19 Figure 14: Current loop instrument M12-DIS If desired LED background lighting can be switched on. This requires a separate DC voltage U BL, which is applied via a series resistor RBL on the BL+ and BL- terminals. The current requirement is 30 ma. The series resistor is calculated as follows: RBL = UBL - 5 V 30 ma If the supply voltage UBL is 5 V 0,25 V, the series resistor RBL can be omitted. The display module can be attached to front panels, switch boards, switch cabinet doors and other flat objects. For this purpose a mounting bezel is supplied with the M12DIS. The following drawings show the dimensions of the opening and how the display is mounted. 13

20 Panel thickness 1 to 3 mm Panel cut out 62 mm x 32 mm Bracket Mounting bezel Figure 15: Panel cut out Insulating washers Shake-proof washers Figure 16: Display mounting If not otherwise specified when ordering, the M12DIS is supplied with a factory calibration to display 0 at 4 ma and 1000 at 20 ma. For re-calibration the potentiometers span (full scale) and offset (zero) are used. Not to be changed Zero Full scale Decimal point: Figure 17: Calibration Points The M12DIS is calibrated either directly by an adjustable 4-20 ma constant current source or together with the M14. For calibration with the M14 a vibration reference signal is 14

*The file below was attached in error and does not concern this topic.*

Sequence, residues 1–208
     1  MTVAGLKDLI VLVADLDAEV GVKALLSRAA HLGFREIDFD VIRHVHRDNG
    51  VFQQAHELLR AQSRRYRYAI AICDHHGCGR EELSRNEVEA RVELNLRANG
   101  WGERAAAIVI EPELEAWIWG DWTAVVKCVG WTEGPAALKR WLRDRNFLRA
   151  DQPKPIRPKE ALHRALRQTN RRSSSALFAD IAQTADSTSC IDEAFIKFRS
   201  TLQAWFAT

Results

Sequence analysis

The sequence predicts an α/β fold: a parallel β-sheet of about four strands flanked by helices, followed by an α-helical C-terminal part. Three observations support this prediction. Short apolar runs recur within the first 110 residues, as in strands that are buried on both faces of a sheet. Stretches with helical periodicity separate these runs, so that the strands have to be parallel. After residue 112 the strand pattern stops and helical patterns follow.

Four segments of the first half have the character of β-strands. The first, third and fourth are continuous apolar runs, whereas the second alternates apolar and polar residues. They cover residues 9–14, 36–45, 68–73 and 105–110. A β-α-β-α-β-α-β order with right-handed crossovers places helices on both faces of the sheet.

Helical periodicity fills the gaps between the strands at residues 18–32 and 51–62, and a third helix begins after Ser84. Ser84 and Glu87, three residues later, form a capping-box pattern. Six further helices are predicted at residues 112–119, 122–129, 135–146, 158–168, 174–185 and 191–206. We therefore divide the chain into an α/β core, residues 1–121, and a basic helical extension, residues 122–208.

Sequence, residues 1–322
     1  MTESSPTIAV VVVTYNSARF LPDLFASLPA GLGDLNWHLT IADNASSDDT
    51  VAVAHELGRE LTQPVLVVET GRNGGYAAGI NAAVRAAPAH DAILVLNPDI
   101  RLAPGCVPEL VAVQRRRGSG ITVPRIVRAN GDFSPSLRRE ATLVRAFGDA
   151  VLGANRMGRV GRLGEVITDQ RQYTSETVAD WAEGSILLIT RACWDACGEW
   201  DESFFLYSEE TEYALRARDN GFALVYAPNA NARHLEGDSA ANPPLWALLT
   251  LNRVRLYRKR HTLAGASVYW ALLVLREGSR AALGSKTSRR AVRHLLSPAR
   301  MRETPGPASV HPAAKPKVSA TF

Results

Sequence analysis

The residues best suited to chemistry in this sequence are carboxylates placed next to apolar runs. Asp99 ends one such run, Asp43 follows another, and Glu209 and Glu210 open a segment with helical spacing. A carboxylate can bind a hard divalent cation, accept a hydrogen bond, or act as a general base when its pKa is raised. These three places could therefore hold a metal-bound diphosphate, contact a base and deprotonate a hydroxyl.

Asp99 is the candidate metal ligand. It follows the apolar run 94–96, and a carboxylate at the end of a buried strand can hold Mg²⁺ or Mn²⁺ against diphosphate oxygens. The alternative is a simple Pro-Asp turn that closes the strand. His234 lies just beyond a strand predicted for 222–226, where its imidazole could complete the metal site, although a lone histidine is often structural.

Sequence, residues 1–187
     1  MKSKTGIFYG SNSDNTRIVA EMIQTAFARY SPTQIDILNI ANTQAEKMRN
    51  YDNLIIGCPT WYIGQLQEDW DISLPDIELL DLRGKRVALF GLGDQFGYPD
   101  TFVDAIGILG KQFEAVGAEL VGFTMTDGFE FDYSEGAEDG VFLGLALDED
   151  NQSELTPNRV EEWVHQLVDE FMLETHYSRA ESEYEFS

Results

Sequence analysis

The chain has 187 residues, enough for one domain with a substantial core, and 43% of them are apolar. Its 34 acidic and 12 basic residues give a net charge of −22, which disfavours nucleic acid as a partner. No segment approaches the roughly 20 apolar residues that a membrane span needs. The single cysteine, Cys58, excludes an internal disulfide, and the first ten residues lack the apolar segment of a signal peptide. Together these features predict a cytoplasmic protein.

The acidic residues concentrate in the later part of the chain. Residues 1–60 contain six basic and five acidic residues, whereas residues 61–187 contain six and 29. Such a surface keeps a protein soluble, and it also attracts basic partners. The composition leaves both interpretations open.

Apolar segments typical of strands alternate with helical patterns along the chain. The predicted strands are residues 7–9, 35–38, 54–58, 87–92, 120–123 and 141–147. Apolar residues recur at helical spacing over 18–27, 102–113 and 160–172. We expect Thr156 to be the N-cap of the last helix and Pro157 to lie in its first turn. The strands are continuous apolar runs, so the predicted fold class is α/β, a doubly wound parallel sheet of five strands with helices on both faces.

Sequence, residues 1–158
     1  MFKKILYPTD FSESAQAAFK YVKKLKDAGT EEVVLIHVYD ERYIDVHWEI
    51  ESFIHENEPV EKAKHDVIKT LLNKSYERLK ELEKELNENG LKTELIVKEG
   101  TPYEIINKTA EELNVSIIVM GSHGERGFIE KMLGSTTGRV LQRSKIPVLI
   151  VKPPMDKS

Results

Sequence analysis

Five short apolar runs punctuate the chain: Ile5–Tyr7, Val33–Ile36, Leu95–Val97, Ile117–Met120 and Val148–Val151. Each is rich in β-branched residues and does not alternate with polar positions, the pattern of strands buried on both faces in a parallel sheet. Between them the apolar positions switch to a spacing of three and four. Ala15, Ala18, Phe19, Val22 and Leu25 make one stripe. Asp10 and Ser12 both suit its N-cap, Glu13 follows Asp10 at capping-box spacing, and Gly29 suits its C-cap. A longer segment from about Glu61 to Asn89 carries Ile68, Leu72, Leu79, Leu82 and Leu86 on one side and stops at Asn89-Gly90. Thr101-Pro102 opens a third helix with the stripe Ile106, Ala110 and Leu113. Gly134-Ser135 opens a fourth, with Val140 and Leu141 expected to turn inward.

21 fed into the accelerometer or a generator signal is applied to the M14 input, as explained in chapter 11. Preferably a vibration calibrator should be used to eliminate errors by calibrating the entire measuring chain. The M14 must be calibrated before calibrating the display. The measuring range of the M14 needs to be selected so that the current loop provides at least 50 % (12 ma) of the full-scale level. After applying the calibration signal, adjust the display to the reference level, for instance 1000 for 10 mm/s, using the potentiometer Span. Switch off the calibration signal and adjust the zero display using the potentiometer offset. Repeat the calibration of span and offset alternately a few times until both settings are correct. Finally the position of the decimal point is set by means of jumpers DP1, DP2 and DP3, see Figure Settings 6.1 General The M14 settings are configured via the digital interfaces RS485 or USB. On the instrument itself there are no adjusting points. In the following sections the settings will be demonstrated with the software for setup and measurement, available on our software download web page. The settings can also be adjusted via the RS-485-interface, for example from an PLC or via USB by means of custom-made software using the published ASCII-commands. 6.2 Program for Setup and Measurement Installation Instrument Once the supply voltage has been applied, connect the M14 to Driver the PC via the mini USB socket at the front of the instrument. In newer versions of Windows no driver installation will be needed. If Windows should ask for the instrument driver you can download the file MMF_VCP.zip from Unpack and save both of the data files to a folder on your computer. Select this folder when Windows requests the driver source. The instrument driver is signed and runs under Windows XP, Vista, 7, 8 and 10. The driver installs a virtual COM port on your PC and works in CDC mode, which allows simple control using the ASCIIcommands. 15